extra energy in you? If you notice, I don’t really do
a lot of collaborations. And “Live Your Life” and
“Run This Town”, they’re two songs that you can’t say
no to, and they’re also artists that you
want to work with. Jay Z and T.I., they’re
very credible rappers so I didn’t have a problem
doing it for them, and also I loved the songs and
they became hits which I was also very
very happy about. I was very grateful to be
a part of those records too. What has been Jay’s
best advice to you? In the beginning
of my career, I remember “Pon de Replay” started
doing really well and he came up to me at a
showcase and he said “You must be really be a great
person because great things keep happening for you. Don’t ever change who you are.
Always remain humble, the same” And it kind of rings in my ear
every day I hear that. And it stuck with me. And I have a lot to
be grateful for. You said you’ve
built an empire. How do you define empire? Um, well, I built a brand. The brand is Rihanna. And there are a lot of things
that come with that. It’s a lot of work that
went into this brand, and that’s why I say I built
an empire because it was from the ground up, ya know? We started from scratch. And everything we’ve done
thus far has had a lot of influence for me. What does Rihanna the
brand stand for? Naughty, naughty,
just kidding. I’m a musician, I’m a very
creative person, I love music, I love fashion,
I’m very edgy. I’m always a little to the
left, never safe, because it’s just not me,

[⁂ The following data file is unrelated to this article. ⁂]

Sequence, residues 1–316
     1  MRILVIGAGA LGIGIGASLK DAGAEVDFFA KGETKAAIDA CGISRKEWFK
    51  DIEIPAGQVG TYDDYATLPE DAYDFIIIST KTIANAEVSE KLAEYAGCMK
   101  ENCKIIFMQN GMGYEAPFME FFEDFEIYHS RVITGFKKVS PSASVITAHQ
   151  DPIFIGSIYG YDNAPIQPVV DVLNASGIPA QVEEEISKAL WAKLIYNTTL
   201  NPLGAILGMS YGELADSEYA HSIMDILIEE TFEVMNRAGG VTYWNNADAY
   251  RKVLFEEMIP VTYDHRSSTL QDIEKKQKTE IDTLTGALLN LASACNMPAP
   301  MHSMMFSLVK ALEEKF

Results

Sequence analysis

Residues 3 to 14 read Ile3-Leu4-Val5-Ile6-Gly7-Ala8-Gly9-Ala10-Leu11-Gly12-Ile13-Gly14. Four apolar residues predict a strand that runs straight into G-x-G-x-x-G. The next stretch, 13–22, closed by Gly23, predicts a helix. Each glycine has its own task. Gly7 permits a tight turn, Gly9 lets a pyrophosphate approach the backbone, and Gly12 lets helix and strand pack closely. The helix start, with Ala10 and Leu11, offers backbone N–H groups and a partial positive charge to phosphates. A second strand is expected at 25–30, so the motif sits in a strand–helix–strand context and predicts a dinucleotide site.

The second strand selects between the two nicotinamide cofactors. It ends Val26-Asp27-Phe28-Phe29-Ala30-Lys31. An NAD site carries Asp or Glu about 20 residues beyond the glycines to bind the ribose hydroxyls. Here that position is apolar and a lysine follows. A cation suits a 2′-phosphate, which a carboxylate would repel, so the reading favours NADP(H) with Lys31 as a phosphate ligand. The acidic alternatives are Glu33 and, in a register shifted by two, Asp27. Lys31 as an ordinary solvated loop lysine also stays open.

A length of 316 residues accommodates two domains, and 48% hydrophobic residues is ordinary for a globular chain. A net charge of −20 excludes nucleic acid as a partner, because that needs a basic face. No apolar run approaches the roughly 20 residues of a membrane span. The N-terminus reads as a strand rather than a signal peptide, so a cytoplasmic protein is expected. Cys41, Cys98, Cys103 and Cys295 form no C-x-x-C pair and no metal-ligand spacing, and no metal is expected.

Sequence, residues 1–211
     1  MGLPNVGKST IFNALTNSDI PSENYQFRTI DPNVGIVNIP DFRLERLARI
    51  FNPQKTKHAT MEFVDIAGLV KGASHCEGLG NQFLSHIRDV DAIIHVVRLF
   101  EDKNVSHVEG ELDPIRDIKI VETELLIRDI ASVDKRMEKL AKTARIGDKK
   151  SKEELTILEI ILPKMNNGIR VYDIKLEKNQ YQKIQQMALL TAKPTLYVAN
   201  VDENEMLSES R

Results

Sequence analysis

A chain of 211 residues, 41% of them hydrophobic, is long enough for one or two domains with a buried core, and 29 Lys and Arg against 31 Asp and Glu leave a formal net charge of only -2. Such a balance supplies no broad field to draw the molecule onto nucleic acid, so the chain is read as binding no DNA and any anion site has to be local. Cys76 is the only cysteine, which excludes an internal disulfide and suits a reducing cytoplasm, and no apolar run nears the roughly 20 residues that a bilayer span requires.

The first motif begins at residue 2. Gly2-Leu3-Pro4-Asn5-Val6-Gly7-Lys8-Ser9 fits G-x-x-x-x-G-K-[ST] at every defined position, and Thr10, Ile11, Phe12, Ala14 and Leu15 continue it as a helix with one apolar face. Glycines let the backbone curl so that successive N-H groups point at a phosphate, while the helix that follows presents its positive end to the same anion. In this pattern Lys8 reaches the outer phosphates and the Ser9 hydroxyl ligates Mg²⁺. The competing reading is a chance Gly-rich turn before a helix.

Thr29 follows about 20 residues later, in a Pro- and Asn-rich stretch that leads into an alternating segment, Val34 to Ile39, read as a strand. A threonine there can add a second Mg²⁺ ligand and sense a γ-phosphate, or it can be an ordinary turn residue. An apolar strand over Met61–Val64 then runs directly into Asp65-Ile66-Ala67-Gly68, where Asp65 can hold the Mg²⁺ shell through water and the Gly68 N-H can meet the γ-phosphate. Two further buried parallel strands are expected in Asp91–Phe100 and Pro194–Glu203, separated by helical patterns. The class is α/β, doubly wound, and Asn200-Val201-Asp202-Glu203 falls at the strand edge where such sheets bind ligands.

it’s never who I am. Everything I do, it
reflects that, whether it be what I wear in an
interview, a photo shoot, nothing is safe cause
that’s just not Rihanna. You’re taking
acting classes now? Tell me something… Yeah on and off. I want to do movies. So that’s why I’m getting
into acting classes but… right now, I have a very
demanding schedule when it comes to music so that’s
not really going to happen right now. But in the future, movies. Yeah I want to do
movies for sure. You are gorgeous. Thank you! Did you have that in
your little notes? Yes. Yes, really? But I mean, the first time I met you, I was like wow, whole other level face to face. Thank you, God bless you. But do you look in the
mirror, no ego, but look in the mirror and be like,
“Wow, I kind of got lucky with the way bone structure— Oh my God, I mean every
day I look in the mirror and say damn I’m cute. No. [Laughs with Toure] Usually I’m like, “Oh great, now I have a fuckin’ pimple.” [Laughs with Toure] But when you don’t have a
pimple, are you like, kind of lucky? No, no, every day there’s something is never good enough. You never look in the
mirror and say yes, I’m perfect today. It’s always like, “okay, I
don’t have a pimple but my gut looks huge.” Awesome. You always find a flaw. That’s what the mirror is
there for, it’s very bad. When you were in Barbados,
you wanted to be a celebrity, that’s what
you’ve been dreaming about for all this time. But there is a downside to
that, what is the downside to all that? Well the downside is
there’s no private life, there’s no privacy. You can’t imagine what
that has to feel like. There’s nothing
you can do. You can’t step out of your
hotel room without the paparazzi being parked
outside of there, they’re parked outside
of your house. There’s no moment of “Okay,
now I’m finished where I can close the door.” No, there’s none of that. And that’s the downside, that’s
the big downside. But also if that’s what I have to deal with to do what I love, I’ll take it. Because the upside is I
get to do what I love and I get to travel to all
these amazing countries and cities and meet
amazing people and just reach out to my fans
all over the world. There’s— I can deal with
the paparazzi. Thank you so much. Thank you! You’re awesome. That was wonderful. Thank you. Thank you.